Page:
God: A Moral Monster?
Lee Strobel Interviews Paul Copan
Critics charge the God of the Old Testament is immoral, but Paul Copan refutes that in his book Is God a Moral Monster? Understanding the Old Testament God. Here’s an interview.
Q. Interestingly, although you have a Ph.D. in philosophy from Marquette, leading Old Testament scholars like Christopher Wright and Gordon Wenham consider your book the best defense of Old Testament ethics available.
A. No, I don’t have a Ph.D. in this discipline. I do have an undergraduate degree in biblical studies and a master of divinity degree. So I’m very heartened and humbled that these scholars, on whose work I’ve depended over the years, have given such robust endorsements for my book.
Q. Your book tackles questions on difficult Old Testament passages—ones that many Christians and non-Christians find troubling. Why did you write it?
A. I know you’re familiar with the New Atheists—Richard Dawkins, Sam Harris, Daniel Dennett, and Christopher Hitchens. These authors have been causing quite a stir in recent years, both inspiring fellow atheists and shaking up the faith of believers. Unlike more substantive atheists in the academy, this new wave of atheism typically engages in emotional argumentation and rhetorical bluster—often with little substance and plenty of distortion. God is “not good” and is “a moral monster.” Religion is the chief source of humanity’s problems—“the root of all evil.”
One particular point of attack is Old Testament ethical issues, including claims like these: “the Bible promotes owning other human beings,” “the Old Testament demeans women,” or “God commands genocide.” I noticed that there was no book that systematically addressed these concerns at a popular level. So I undertook to write a book that tackled these issues head on—in addition to other general attacks on “religion.” So these atheists have served as a springboard for my tackling enduring questions raised by Christians and non-Christians alike.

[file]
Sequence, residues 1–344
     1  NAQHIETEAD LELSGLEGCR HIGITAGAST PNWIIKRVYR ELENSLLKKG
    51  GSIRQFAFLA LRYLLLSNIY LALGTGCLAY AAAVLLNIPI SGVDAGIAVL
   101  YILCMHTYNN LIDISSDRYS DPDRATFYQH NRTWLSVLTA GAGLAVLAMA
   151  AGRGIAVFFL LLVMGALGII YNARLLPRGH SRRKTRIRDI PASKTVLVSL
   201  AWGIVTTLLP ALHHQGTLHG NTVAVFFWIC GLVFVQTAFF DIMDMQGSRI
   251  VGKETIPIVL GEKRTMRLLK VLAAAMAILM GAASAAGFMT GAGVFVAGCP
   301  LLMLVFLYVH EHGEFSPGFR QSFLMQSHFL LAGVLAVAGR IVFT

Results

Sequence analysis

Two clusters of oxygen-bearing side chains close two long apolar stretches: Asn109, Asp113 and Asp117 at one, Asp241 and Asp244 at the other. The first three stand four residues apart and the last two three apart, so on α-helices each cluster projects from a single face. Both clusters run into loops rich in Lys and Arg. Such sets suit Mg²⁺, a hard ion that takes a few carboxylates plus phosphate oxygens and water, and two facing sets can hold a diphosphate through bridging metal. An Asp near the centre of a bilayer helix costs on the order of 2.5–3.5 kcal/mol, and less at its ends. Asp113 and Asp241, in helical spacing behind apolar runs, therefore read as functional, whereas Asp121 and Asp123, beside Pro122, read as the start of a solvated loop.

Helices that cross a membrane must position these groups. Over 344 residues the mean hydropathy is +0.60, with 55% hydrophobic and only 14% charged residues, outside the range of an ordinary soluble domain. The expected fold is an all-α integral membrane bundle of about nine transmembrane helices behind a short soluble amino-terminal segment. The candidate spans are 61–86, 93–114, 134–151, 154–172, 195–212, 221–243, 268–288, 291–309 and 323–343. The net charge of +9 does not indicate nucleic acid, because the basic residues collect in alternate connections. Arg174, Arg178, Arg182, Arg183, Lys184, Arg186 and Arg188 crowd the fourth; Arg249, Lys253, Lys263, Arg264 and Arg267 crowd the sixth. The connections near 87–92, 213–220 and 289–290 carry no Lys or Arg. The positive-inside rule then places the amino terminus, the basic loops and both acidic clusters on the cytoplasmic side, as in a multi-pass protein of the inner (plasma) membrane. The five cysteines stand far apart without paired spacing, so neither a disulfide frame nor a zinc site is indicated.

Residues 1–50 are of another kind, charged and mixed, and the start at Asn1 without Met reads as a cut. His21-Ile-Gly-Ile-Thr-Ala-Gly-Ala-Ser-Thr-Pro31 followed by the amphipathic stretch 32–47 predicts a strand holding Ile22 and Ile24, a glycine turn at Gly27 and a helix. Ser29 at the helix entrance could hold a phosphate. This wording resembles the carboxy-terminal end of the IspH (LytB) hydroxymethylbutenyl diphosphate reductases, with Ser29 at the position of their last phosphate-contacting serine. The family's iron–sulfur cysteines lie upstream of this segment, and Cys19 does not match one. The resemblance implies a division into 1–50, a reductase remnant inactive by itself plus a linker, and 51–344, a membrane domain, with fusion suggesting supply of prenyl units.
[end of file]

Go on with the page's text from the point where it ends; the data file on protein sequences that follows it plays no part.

Q. Your book covers a lot of topics that we can’t deal with here—kosher and purity laws; severe punishments; the nature of God in the Old and New Testaments; the nature of God’s progressive, unfolding revelation; and so on. But let’s tackle some of the leading themes of your book. You mention the New Atheists’ critique that God is a pathetic egomaniac who needs human beings to worship him. God condemns pride and praises humility, but the charge is that he himself seems to exhibit pride to an outrageous degree.
A. As you know, words mean things, and we should get clear on definitions rather than toss around slippery or misleading terms. Humility involves an appropriate acknowledgment and realistic assessment of oneself. If you’re a skilled piano player, you don’t say, “I’m no good on the piano.” That’s being out of touch with reality. On the other hand, the pianist should recognize that this talent is a gift he’s received from God. By contrast, pride is an inflated view of oneself or one’s accomplishments; pride is a false advertising campaign to get people to think I’m better than I really am.
In light of these definitions, pride or vanity doesn’t apply to God; vanity doesn’t accurately describe God, who has a realistic—rather than a distorted—view of himself…
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